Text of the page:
Intrigued as all get out about the Christmas ‘mallow a reader described with edible copper powder, cinnamon oil and Kahlua-ish liquor…Where might one procure copper powder?..How does it affect taste and texture?…

August 9, 2012 05:38 PM
123
Jessica said...

These look fantastic! I want to make these asap! My little family is vegetarian and the ones you buy at the store have gelatin in them. My 16 month old is about to have his first s’mores thanks to you! :)

August 14, 2012 01:56 PM
124
Norma DuMont said...

Never tried a homemade marshmallow before!! they look soo good!! will have to try!!

August 19, 2012 02:25 PM
125
shafriza said...

Hi.. I tried this recipe today and was really happy that it looked just like yours. I did the basic one and coated it with basic coating. rested it for 6 hours and cut it. coated it and it was nice and soft… but after some time it all stared to stick together and when i tried gently pulling it away it started to break as it had got really soft. Maybe i have done something wrong… i would like to try it again but is there any suggestions you can give me as to why this might have happened?

December 11, 2012 12:29 PM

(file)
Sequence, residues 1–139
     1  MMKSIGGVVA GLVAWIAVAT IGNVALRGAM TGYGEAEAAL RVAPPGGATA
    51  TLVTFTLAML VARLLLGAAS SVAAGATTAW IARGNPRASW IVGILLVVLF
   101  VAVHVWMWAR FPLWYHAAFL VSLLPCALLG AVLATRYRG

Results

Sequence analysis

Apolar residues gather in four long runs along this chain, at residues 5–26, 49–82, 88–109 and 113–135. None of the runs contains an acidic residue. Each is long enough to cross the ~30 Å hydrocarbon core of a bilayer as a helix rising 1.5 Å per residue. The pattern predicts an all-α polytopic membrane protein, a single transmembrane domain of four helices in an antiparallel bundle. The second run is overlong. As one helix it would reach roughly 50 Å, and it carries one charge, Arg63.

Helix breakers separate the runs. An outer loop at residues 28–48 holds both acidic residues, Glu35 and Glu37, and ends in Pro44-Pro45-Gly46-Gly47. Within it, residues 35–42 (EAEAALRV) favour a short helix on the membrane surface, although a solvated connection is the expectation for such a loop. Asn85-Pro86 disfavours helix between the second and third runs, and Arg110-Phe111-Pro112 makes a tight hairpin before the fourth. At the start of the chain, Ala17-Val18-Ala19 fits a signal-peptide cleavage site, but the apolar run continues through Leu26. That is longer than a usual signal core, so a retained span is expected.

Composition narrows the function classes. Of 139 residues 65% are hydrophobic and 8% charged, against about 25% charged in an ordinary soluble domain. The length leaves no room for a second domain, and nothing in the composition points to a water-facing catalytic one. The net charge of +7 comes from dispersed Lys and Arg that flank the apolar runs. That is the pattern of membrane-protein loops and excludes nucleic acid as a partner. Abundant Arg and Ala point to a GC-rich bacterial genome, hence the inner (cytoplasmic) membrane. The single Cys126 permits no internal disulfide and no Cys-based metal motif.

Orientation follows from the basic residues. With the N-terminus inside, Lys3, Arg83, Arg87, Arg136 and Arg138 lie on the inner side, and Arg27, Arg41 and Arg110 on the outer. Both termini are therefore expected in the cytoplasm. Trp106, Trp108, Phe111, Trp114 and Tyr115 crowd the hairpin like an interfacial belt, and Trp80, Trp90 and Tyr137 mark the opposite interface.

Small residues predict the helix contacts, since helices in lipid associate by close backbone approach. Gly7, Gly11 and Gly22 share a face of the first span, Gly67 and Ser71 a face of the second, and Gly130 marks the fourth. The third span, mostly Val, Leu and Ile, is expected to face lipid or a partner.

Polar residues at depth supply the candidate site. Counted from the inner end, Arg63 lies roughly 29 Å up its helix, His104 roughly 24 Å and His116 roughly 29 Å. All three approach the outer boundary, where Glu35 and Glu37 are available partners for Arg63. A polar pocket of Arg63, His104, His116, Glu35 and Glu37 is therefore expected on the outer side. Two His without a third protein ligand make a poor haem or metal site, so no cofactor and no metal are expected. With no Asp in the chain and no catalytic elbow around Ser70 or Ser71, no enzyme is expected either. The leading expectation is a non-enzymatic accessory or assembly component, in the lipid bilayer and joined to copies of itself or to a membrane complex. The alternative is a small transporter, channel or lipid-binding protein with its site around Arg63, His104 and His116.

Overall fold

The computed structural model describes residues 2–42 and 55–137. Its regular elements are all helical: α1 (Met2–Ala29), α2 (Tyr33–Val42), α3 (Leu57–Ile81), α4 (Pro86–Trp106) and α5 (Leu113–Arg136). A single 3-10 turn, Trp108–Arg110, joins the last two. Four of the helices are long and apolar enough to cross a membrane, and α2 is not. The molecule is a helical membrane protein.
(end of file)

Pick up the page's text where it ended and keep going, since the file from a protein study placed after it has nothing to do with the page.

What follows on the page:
126
Bet said...

to the person who didn’t have corn syrup on hand or fot those who’d rather not use it, try this link, maybe they will work. :) http://www.ehow.com/info_8105085_corn-syrup-substitutes.html

January 21, 2013 11:13 AM
127
Anonymous said...

You recipie sucks it solidified before I could even pour it into the pan and it wasn’t even enough to cover half the pan.

January 28, 2013 01:19 AM
128
Lantana said...

Mmmm…….. Those look so fluffy and light. I have never had homemade marshmallows but I am sure that they are 1,00000 times better than the sticky store-bought kind. :-)

February 7, 2013 10:09 AM
129
Lily said...

Made these and brought them to school. Everyone thought they were so cool! Thanks so much, BTW I love ur blog!

April 22, 2013 09:40 PM
130
Jane said...

Love this idea!

May 29, 2013 09:49 PM
131
miriam montag said...

Very nice flavors. These were a HIT!

August 17, 2013 02:59 PM
132
pastel said...

siiiii

August 28, 2013 07:08 PM
133
Lydia said...

Look So great!

March 28, 2014 03:50 PM